15 Expats Talk about Health Insurance and Healthcare in Colombia
Last updated on Feb 01, 2023
Summary: The quality of medical care in Colombia is generally considered to be good, although it is not as advanced as the medical care available in the United States. Emergency services are generally reliable and ambulances can be called by dialing 123. The response time for ambulances is usually quite fast, and the medical staff are well-trained and experienced.
How are healthcare services Colombia?
When we asked expats and global nomads about the quality of medical care in Colombia, they replied:
" Minor problems can be taken care of here, but really serious problems require a trip to a bigger City like Bogota which is 11 hours away by car.," remarked another expat living in Florencia.
"There is a vast difference between the lowest level of health insurance and the highest level. The difference is night and day. I have both a low level and high level. I pay $30/mth, SaludTotal low level, $250/mth AXAColpatria, high level. The lower level insurance is required by my high level insurance. With my AXAColpatria, the doctor will come to my house as a non-emergency first response," said one expat living in Bucaramanga.
"I had a sinus infection and rather than go through the insurance plan, I just went to a private physician and paid cash. The doctor visit (including a basic physical exam) plus an antibiotic and an anti-inflammatory injection was less than 20 US dollars," wrote an expat living in Ibague.
"The public and private insurance are difficult to use because since the pandemic everybody wants to do their work online and they are dropping the ball," said an expat in Santa Marta.
Are healthcare and health insurance expensive in Colombia?
"You can choose any health Ins company you want here, at a very reasonable price. Sanitas was recommended to me many years ago and I love it. My ambulance ride last year (5 hours) Hospital stay, and open Heart Surgery cost me $1 USD for the co-pay and never a deductable here," commented one expat living in Florencia, Colombia.
"Colombia is known for its high quality of private medical care and medical universities. Bucaramanga is well known for medical education and we have a plethora of hospitals and doctors. In my experience, prices are much cheaper here than the USA. eg. ACL surgery in the USA can run $60K to $80k, not including physical therapy. ACL surgery here is $5k including physical therapy," added another expat.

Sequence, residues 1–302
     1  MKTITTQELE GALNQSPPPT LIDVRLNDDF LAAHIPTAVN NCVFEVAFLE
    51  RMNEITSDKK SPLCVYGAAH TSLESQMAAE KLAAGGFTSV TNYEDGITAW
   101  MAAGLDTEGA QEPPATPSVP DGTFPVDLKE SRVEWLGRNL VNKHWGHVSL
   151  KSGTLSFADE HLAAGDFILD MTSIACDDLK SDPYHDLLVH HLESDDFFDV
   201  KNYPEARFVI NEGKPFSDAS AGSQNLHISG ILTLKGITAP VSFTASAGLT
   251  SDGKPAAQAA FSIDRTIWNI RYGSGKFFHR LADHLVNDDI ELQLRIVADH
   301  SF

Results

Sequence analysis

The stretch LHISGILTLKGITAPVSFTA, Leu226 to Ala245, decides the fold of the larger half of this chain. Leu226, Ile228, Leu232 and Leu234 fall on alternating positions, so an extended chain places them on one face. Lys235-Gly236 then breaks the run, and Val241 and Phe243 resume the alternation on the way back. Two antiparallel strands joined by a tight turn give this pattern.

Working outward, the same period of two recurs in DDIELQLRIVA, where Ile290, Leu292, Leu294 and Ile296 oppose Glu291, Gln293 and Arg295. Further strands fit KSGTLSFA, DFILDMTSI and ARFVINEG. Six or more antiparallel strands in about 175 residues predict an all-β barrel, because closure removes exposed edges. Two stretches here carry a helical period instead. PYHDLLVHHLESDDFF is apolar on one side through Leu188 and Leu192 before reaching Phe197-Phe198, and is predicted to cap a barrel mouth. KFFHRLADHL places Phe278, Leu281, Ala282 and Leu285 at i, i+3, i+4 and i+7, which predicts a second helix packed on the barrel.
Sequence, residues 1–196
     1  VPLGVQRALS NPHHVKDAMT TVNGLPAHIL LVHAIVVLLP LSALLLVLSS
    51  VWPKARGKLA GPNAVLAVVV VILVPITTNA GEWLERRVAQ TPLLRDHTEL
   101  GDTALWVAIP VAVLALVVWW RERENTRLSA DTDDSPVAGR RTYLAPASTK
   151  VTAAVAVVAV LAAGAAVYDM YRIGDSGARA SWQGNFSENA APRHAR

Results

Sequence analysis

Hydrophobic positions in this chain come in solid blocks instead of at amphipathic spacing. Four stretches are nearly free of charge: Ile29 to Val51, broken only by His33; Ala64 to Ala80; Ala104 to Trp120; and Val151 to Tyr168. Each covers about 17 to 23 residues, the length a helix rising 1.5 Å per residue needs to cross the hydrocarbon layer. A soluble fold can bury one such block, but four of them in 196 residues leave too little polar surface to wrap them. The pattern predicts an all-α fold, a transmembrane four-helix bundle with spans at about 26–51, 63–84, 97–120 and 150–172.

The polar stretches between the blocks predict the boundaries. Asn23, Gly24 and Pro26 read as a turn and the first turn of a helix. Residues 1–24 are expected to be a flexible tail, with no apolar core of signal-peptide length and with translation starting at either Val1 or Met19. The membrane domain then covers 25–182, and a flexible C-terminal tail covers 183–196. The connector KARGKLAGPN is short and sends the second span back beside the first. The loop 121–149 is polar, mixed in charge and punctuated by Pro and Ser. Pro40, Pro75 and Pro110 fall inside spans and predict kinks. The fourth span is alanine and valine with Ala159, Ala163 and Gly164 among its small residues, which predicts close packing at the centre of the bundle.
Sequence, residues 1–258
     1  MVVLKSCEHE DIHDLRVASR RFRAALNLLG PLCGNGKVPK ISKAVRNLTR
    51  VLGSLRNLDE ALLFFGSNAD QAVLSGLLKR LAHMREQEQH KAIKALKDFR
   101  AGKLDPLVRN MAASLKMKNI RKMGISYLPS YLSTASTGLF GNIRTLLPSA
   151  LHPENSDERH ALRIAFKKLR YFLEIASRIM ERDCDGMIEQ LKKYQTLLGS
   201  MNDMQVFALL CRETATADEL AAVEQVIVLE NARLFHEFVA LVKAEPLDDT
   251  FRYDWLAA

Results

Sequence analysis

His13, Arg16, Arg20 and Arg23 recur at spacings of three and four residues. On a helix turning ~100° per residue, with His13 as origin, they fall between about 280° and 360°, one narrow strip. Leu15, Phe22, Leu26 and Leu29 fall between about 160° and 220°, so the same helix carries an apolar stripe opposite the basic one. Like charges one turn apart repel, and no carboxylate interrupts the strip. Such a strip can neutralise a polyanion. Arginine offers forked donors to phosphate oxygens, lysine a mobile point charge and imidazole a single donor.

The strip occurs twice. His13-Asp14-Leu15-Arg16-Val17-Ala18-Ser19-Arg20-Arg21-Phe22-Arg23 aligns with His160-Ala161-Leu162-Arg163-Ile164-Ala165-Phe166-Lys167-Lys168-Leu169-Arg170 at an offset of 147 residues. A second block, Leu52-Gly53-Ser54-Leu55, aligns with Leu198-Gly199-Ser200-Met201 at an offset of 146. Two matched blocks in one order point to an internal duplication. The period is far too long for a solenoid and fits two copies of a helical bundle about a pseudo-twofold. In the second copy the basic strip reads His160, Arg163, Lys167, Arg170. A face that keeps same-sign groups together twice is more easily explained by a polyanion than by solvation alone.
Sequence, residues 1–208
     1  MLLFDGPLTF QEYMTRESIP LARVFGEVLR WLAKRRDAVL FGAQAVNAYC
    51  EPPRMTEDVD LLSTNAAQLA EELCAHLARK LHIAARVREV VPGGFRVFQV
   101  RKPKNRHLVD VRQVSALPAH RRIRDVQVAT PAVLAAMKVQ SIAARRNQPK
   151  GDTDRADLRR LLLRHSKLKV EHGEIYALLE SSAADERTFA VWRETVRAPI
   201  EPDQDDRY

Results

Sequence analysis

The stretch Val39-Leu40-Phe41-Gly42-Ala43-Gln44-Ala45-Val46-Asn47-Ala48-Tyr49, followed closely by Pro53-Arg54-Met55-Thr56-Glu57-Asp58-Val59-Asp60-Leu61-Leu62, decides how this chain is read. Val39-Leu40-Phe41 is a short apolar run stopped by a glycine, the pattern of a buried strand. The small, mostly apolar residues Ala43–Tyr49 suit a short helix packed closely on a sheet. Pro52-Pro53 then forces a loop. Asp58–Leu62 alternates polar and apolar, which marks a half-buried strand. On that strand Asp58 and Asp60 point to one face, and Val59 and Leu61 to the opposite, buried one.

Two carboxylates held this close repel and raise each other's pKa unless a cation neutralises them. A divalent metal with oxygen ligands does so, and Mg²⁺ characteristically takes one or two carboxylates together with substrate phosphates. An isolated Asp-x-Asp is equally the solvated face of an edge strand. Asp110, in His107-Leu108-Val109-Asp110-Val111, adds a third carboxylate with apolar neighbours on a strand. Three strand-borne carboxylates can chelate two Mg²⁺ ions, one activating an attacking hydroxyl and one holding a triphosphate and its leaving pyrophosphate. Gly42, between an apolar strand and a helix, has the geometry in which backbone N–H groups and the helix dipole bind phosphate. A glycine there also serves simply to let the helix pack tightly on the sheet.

What are emergency services like in Colombia?
When we asked about emergency services, members in Colombia wrote:
"Emergency services are pretty good. Better before COVID, of course. Before COVID the only Hospital that I would go to was private, MEDILASER is the nicest and is about 5 minutes from my house.All 3 Hospitals are within 12 minutes from any part of town. We call an ambulance the old fashioned way, with a telephone," commented one expat who moved to Florencia.
"I live within 10 minutes to 30 minutes depending on the hospital. The hospital connected to SaludTotal is Clinica de Bucaramanga/ Private. It is old, 2 people to a room, typically no soap in the public bathrooms and I have caught them using water to clean my arm for needle insertion. With AXAColpatria, International Hospital Colombia. New hospital equipped with the latest technology and loaded with specialists doctors. Private large rooms. Very nice, Fast attention with my insurance. I am treated as a VIP. ," said another expat.
Will I need to travel to see a specialist?
"I was in the USA last year for medical care and to visit my daughter. Heart problems here require a trip to Neiva, Huila which is 5 hours away, or to Bogota," remarked another expat living in Florencia.
"My insurance is only good for Colombia. There are a multitude of available clinics/hospitals from the small towns to the big cities. My wife received decent care in a small town with SaludTotal for a ear infection.," said one expat living in Bucaramanga.
Are common prescription medications available in Colombia?
"Many USA prescriptions are over the counter in a multitude of pharmacies throughout the country. This is changing and medicines are coming under more control by the government. I pay $1/copay for my prescriptions. Most medicines I have needed are available here, either by prescription or over the counter. Prices for over the counter medicines are compared 2 to 10 times cheaper than the USA," said an expat in Bucaramanga.
"Don't always need a prescription and medicine comparted to the US is really cheap," commented one expat living in Medellin, Colombia.